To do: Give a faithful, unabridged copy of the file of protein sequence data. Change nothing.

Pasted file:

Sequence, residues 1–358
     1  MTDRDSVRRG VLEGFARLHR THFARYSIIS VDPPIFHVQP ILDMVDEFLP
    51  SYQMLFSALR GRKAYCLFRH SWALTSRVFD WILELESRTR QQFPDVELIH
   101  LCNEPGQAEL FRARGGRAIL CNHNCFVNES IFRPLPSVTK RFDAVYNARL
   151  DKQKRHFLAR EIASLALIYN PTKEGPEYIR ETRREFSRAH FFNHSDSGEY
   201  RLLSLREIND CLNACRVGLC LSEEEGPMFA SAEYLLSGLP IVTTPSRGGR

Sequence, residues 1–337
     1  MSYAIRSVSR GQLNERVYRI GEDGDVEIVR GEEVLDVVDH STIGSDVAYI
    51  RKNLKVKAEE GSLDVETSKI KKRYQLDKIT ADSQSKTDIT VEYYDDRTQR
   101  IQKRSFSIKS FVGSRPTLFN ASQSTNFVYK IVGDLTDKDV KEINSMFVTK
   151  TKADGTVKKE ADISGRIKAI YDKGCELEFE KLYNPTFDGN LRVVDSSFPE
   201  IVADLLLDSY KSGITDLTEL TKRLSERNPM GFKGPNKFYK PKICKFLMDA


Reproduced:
Sequence, residues 1–358
     1  MTDRDSVRRG VLEGFARLHR THFARYSIIS VDPPIFHVQP ILDMVDEFLP
    51  SYQMLFSALR GRKAYCLFRH SWALTSRVFD WILELESRTR QQFPDVELIH
   101  LCNEPGQAEL FRARGGRAIL CNHNCFVNES IFRPLPSVTK RFDAVYNARL
   151  DKQKRHFLAR EIASLALIYN PTKEGPEYIR ETRREFSRAH FFNHSDSGEY
   201  RLLSLREIND CLNACRVGLC LSEEEGPMFA SAEYLLSGLP IVTTPSRGGR

Sequence, residues 1–337
     1  MSYAIRSVSR GQLNERVYRI GEDGDVEIVR GEEVLDVVDH STIGSDVAYI
    51  RKNLKVKAEE GSLDVETSKI KKRYQLDKIT ADSQSKTDIT VEYYDDRTQR
   101  IQKRSFSIKS FVGSRPTLFN ASQSTNFVYK IVGDLTDKDV KEINSMFVTK
   151  TKADGTVKKE ADISGRIKAI YDKGCELEFE KLYNPTFDGN LRVVDSSFPE
   201  IVADLLLDSY KSGITDLTEL TKRLSERNPM GFKGPNKFYK PKICKFLMDA